The appellant in this case was charged with selling a controlled substance, cannabis and for having more than five grams of cannabis. A New York Criminal Lawyer said the appellant was convicted on both charges and was sentenced separately for each of the crimes. The appellant argues that the trial court has violated the single transaction rule by imposing separate sentences for the sale and the possession of marijuana.
The evidence that was shown at trial revealed that there were two undercover police officers who met three individuals at a bar in town. One of the individuals told the undercover agent that they could obtain a quantity of marijuana. The agents were driven to another bar by their companions.
When they arrived at the other bar several people including the appellant approached the car. The appellant asked the occupants of the car what they wanted and the officer replied an ounce. The appellant went into the bar and came out with a bag of marijuana (marijuana possession). The officers paid for the bag.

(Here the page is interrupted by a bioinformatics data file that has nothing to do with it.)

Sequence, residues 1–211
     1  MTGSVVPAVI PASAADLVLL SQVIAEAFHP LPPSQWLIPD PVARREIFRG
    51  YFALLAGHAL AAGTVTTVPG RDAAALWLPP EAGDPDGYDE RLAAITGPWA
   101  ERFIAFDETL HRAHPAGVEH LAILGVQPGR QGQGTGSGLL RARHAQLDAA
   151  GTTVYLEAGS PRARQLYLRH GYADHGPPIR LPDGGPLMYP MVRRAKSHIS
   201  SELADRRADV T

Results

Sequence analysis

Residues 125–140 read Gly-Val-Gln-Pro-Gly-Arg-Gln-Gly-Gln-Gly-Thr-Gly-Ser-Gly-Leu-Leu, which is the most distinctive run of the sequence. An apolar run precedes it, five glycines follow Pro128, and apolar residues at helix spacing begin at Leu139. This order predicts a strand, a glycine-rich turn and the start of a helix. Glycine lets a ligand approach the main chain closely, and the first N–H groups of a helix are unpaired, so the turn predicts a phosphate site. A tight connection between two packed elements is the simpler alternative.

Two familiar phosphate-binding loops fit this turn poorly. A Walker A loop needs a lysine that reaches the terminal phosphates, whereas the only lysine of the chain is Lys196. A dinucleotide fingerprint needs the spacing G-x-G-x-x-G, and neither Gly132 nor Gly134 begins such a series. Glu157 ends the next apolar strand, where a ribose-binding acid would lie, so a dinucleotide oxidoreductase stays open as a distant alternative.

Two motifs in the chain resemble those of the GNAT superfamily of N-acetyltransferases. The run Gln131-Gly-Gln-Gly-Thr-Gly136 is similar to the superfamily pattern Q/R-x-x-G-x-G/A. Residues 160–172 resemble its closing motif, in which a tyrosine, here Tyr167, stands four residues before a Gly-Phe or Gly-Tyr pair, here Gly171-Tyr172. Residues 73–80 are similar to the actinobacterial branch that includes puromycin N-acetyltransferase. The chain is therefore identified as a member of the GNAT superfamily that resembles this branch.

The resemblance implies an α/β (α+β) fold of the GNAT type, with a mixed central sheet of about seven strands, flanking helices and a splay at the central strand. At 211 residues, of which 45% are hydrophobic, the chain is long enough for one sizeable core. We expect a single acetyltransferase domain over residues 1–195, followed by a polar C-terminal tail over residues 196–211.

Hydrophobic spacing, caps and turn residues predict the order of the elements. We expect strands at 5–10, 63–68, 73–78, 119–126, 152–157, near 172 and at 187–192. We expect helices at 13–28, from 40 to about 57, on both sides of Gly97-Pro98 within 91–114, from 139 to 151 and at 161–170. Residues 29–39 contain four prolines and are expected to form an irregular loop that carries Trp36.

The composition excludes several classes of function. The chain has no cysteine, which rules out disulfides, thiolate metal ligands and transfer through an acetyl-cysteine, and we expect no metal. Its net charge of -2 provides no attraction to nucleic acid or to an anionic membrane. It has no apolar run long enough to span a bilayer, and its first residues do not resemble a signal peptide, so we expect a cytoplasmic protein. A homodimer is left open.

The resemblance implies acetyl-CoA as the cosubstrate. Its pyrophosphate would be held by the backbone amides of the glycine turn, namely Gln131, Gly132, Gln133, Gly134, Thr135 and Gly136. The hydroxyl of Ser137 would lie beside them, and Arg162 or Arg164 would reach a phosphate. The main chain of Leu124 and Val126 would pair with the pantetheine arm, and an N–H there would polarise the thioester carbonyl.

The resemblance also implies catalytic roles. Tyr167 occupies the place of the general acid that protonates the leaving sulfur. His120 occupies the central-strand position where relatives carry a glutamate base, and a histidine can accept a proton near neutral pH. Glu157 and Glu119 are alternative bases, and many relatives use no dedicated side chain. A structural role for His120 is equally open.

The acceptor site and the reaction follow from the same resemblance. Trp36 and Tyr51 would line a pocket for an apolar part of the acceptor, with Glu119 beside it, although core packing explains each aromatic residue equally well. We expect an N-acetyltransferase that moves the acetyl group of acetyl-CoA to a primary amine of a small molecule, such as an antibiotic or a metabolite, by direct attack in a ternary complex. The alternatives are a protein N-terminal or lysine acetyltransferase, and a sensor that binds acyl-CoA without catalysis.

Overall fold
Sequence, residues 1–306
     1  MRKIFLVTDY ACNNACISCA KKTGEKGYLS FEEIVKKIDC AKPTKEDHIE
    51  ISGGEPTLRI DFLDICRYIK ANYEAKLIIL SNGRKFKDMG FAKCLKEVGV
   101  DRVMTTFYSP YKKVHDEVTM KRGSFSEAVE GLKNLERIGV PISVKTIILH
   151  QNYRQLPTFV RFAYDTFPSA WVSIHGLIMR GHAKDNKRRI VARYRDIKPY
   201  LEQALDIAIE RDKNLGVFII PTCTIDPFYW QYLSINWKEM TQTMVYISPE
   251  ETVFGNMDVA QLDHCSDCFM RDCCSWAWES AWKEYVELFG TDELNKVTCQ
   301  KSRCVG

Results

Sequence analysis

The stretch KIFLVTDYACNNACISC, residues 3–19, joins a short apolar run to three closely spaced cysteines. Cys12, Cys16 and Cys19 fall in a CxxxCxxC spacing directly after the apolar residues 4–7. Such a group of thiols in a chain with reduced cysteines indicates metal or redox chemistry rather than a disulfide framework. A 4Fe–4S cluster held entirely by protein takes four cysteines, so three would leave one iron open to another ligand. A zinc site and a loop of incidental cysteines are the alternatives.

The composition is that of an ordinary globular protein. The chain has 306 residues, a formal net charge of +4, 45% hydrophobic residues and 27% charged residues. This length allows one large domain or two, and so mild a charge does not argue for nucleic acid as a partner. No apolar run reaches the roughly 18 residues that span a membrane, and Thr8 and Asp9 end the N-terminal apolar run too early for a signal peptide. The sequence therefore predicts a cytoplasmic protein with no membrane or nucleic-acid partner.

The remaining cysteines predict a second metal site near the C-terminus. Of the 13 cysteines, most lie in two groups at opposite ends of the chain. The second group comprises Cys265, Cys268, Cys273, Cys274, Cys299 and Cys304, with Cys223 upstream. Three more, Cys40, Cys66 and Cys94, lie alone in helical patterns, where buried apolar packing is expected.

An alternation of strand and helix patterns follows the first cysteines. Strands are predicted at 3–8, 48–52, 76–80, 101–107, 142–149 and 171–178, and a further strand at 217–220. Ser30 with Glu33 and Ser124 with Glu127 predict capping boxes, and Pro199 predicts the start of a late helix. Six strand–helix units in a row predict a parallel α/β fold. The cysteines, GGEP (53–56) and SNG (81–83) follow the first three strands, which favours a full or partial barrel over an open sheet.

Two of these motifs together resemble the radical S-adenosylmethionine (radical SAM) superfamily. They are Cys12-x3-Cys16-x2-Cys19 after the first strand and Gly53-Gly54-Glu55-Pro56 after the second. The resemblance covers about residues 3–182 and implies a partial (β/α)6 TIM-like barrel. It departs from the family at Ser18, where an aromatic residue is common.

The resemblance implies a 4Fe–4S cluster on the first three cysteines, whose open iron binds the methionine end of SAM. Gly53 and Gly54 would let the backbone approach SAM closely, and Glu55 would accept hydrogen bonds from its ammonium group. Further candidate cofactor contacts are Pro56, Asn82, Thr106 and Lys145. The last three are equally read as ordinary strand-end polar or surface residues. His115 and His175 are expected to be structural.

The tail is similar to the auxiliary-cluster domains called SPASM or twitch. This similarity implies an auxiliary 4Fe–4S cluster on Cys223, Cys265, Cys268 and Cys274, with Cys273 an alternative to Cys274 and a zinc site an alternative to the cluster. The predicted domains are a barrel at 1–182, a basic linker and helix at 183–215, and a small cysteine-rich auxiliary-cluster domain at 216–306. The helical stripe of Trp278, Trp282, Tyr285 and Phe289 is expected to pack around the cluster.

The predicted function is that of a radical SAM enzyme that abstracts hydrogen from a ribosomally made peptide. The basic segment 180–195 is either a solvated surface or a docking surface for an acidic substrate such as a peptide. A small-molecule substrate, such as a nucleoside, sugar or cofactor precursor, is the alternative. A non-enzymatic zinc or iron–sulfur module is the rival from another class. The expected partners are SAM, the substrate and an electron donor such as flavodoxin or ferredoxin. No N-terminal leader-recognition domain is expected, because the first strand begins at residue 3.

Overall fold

The court must look at the evidence to determine whether the single transaction rule was violated by the trial court. A Long Island Criminal Lawyer said the single transaction rule has been recently changed to read that a person can be convicted of more than one crime if they occur in the same transaction, but lesser crimes should not be included in the sentencing.
The appellant relies heavily on several other cases that have taken place where the rule has applied.
The court has looked over other cases that are similar and has determined that these cases do not apply to the current situation. The court rules that the possession charge is not a lesser included offense and therefor the previous court was correct in applying separate sentences. The previous ruling is affirmed.
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